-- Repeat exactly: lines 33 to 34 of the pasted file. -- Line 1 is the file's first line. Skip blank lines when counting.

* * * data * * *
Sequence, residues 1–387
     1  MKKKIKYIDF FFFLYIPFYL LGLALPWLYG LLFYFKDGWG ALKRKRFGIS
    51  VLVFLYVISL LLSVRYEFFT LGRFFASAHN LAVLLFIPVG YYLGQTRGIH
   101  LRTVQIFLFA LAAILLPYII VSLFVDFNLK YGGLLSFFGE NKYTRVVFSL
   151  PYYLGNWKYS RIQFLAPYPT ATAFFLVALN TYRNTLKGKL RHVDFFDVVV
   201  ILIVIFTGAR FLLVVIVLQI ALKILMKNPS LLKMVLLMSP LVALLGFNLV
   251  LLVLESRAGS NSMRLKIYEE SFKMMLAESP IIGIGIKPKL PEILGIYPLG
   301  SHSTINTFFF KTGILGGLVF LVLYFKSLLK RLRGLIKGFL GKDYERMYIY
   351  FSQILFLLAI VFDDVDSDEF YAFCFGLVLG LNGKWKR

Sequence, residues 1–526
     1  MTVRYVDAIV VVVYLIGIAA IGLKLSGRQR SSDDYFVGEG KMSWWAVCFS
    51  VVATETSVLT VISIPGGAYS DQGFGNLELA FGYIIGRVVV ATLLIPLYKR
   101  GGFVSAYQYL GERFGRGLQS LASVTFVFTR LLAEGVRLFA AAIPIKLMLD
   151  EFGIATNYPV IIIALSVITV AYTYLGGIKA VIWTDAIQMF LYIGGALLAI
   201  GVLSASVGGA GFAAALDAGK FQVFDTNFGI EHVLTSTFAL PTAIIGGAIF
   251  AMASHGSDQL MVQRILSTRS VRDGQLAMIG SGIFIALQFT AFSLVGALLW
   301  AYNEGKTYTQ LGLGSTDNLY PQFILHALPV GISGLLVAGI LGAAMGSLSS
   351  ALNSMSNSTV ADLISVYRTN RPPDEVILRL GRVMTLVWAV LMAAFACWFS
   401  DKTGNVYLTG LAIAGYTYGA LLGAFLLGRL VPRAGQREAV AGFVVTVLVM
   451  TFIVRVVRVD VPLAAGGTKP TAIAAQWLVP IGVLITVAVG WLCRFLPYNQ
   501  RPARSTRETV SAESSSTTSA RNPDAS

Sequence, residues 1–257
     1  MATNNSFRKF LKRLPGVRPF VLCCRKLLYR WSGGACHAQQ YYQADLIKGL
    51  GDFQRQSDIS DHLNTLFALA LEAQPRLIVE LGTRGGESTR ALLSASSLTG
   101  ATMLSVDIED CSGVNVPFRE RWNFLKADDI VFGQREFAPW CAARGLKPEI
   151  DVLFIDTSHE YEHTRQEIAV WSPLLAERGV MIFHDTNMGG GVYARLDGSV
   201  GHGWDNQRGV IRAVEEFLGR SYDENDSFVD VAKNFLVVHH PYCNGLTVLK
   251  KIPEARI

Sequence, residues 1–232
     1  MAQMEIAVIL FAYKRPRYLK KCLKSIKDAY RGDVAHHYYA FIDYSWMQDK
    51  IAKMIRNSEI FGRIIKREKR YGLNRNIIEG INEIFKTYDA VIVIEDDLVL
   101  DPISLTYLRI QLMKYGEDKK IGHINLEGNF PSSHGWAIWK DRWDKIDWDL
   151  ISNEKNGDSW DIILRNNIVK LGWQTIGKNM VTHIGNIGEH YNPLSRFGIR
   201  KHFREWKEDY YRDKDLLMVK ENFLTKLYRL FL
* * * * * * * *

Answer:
   151  ISNEKNGDSW DIILRNNIVK LGWQTIGKNM VTHIGNIGEH YNPLSRFGIR
   201  KHFREWKEDY YRDKDLLMVK ENFLTKLYRL FL